A Public Policy Polling survey released Friday afternoon shows Hillary Clinton‘s lead in Florida growing over Donald Trump.
The poll has her leading, 46 percent to 42 percent. Gary Johnson is at 5 percent, and Jill Stein at 1 percent.
When PPP last polled the state two weeks ago, Clinton’s advantage was 45 to 43 percent. In a head-to-head match-up, Clinton’s lead over Trump grows to five percentage points, 49 percent to 44 percent.
Trump was already unpopular in Florida, PPP pollsters say, but the negative fallout from Trump’s lewd sexual comments from the release of the 2005 “Access Hollywood” tape is killing him. The last PPP survey had his favorable/unfavorable ratings at 42 percent/53 percent. They’ve now dropped an additional 11 points, and his favorability ranking has dropped to 37 percent favorable, 59 percent unfavorable. Clinton’s number are rising somewhat, to 44/41 from 43/53.
“Donald Trump’s just getting even more unpopular as Election Day nears,” said Dean Debnam, president of Public Policy Polling. “With Hillary Clinton’s lead continuing to grow in states like Florida that she doesn’t even necessarily need to win the election, the question is becoming less whether she will win than the magnitude of the landslide.”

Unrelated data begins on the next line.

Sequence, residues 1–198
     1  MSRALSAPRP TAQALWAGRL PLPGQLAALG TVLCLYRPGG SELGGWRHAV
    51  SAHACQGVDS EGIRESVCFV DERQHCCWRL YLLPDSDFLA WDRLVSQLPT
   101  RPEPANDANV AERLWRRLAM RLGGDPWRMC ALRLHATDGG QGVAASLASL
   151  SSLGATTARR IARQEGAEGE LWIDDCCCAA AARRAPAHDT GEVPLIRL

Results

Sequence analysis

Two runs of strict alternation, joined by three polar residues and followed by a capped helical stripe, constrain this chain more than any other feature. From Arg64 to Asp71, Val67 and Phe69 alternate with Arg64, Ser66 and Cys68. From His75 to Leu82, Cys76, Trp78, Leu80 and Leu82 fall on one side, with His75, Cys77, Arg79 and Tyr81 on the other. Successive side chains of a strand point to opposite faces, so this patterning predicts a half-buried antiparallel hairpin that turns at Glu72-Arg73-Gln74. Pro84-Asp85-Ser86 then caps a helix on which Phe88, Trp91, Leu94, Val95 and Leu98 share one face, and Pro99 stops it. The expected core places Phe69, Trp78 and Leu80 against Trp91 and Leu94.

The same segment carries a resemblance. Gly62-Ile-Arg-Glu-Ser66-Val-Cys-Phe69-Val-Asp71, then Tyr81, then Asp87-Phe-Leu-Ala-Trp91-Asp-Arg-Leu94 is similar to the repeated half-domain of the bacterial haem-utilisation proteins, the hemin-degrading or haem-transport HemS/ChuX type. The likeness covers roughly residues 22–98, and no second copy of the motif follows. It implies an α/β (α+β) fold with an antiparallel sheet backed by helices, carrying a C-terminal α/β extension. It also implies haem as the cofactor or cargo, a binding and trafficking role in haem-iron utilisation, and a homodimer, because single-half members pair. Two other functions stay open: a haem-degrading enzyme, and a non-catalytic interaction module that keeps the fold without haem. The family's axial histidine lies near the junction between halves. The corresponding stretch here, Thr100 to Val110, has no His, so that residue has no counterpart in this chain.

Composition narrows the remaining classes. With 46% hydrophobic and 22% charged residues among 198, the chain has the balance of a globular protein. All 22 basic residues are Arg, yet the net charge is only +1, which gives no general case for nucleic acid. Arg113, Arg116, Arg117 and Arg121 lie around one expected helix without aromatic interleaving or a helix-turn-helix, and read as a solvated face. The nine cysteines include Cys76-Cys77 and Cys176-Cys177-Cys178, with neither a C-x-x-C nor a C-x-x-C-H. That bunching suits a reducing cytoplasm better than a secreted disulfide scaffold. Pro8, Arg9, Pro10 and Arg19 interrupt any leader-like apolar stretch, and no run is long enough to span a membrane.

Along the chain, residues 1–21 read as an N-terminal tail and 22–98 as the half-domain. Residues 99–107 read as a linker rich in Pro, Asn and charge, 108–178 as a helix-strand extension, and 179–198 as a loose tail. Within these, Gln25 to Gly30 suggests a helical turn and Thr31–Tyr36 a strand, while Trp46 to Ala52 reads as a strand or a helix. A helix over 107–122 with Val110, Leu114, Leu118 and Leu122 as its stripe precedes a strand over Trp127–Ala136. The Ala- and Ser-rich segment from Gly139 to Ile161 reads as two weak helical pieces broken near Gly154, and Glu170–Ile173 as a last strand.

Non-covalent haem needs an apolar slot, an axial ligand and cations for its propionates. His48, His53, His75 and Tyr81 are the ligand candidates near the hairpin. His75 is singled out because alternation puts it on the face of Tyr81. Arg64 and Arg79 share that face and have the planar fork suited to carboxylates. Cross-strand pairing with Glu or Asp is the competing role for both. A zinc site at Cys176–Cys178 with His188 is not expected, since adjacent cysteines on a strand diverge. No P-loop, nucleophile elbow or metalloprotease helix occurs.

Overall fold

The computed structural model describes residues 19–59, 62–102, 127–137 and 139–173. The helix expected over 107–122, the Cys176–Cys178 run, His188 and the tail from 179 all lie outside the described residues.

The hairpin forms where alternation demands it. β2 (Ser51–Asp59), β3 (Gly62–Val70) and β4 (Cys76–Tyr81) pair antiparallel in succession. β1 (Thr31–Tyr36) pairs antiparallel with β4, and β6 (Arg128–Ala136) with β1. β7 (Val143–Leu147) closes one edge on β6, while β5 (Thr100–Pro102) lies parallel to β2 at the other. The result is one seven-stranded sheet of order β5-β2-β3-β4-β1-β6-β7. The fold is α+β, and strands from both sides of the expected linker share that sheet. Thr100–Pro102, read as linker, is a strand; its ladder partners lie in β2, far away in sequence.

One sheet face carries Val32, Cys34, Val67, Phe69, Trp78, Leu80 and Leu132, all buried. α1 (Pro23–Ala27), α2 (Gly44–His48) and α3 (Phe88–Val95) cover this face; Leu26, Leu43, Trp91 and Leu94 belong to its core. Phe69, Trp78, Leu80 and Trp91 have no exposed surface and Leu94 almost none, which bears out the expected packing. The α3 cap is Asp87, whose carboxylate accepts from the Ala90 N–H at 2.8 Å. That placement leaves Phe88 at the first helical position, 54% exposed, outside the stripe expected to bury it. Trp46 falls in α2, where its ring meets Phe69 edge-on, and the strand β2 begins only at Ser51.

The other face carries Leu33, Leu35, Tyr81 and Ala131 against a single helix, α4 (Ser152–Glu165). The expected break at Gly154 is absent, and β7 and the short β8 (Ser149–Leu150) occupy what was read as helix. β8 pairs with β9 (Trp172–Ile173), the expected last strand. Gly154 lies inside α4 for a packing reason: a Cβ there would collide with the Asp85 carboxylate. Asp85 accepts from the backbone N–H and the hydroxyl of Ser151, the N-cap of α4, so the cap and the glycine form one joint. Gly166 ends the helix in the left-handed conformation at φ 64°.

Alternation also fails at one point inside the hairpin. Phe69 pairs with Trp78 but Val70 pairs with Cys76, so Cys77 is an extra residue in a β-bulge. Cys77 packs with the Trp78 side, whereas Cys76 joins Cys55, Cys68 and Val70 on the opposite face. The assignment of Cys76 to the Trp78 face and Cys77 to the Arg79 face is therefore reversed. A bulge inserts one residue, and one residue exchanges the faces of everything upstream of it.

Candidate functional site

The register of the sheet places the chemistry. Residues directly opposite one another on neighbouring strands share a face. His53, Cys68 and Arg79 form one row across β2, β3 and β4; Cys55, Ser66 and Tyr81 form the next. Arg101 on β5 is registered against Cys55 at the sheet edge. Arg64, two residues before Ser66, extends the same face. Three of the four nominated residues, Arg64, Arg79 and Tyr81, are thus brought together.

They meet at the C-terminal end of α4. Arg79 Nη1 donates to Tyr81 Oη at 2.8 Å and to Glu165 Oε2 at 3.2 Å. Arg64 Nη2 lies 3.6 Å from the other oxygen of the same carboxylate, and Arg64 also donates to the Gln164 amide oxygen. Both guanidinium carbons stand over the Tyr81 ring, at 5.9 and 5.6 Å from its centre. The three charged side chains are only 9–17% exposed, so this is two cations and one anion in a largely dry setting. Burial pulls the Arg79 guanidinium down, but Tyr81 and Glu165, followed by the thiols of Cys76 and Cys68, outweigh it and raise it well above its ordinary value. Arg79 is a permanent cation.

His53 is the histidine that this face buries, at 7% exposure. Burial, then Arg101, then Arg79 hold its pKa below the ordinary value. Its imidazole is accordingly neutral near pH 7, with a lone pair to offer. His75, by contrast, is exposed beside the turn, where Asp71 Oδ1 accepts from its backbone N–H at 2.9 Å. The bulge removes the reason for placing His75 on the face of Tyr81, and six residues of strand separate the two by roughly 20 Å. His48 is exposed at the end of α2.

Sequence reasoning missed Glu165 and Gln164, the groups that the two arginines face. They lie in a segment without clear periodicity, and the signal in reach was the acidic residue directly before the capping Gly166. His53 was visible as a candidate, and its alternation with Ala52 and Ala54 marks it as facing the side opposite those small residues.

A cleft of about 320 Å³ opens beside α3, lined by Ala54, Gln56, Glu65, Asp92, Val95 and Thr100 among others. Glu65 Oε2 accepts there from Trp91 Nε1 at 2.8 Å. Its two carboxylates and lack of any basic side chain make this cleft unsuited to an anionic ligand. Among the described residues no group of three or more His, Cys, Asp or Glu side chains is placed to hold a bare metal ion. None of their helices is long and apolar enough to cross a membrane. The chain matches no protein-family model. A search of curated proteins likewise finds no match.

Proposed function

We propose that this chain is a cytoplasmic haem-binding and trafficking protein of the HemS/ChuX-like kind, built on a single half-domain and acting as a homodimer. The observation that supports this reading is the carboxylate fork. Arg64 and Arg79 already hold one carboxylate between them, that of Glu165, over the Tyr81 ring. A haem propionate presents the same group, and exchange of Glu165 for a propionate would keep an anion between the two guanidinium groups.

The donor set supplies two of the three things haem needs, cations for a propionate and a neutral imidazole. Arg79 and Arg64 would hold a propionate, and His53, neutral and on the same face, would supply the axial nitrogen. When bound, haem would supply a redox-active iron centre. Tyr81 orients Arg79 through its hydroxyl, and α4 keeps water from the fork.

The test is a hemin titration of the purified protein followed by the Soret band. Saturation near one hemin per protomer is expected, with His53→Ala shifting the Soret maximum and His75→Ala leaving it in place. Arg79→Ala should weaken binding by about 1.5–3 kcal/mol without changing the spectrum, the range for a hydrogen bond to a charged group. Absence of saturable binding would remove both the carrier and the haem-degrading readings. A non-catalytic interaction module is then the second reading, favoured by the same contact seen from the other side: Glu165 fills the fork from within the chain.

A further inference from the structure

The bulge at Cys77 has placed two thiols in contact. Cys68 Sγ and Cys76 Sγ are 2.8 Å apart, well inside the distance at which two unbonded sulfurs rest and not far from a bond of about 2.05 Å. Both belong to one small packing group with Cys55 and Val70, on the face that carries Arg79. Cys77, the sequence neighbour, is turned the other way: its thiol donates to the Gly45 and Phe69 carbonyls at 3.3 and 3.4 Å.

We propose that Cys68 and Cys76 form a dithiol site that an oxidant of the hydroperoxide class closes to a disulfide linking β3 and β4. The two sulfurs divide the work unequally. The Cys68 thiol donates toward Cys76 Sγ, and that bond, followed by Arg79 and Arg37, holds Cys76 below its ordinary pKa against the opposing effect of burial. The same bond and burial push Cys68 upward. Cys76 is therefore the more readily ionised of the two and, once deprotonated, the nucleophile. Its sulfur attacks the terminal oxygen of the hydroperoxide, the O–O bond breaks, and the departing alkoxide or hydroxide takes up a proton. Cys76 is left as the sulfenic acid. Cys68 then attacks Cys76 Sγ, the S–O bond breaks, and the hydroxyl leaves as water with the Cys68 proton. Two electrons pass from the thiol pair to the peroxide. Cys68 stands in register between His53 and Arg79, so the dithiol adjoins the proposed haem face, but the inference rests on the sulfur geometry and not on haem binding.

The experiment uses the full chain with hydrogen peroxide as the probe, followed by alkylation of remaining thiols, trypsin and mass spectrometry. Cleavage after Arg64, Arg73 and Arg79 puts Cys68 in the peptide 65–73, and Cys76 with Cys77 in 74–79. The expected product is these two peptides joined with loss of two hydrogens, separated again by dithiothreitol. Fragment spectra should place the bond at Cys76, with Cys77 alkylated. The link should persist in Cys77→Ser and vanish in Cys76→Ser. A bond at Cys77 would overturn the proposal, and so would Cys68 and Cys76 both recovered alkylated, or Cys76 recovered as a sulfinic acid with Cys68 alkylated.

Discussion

The majority of Florida voters aren’t OK with Trump’s last-ditch effort to prop up his campaign by bringing up Bill Clinton‘s sexual history. Only 35 percent of voters think it’s fair to hold Hillary responsible for the behavior of her husband, to 57 percent who say that’s unfair.
The negativity of the race is making Barack Obama look more attractive than ever, with 52 percent saying they’d like another four years of him in office, versus 43 percent who don’t.
PPP writes: “Undecided voters, by a 29-point margin, would rather have Obama than Trump. Those folks don’t like Hillary Clinton or else they’d already be voting for her, but it seems they might go Clinton, or they might go third party, or they might stay home. But they’re not likely to move to Trump, who literally not a single undecided voter in our poll said they had a positive opinion of.”
Public Policy Polling surveyed 985 likely voters on Oct. 12-13. The margin of error is +/-3.1 percent.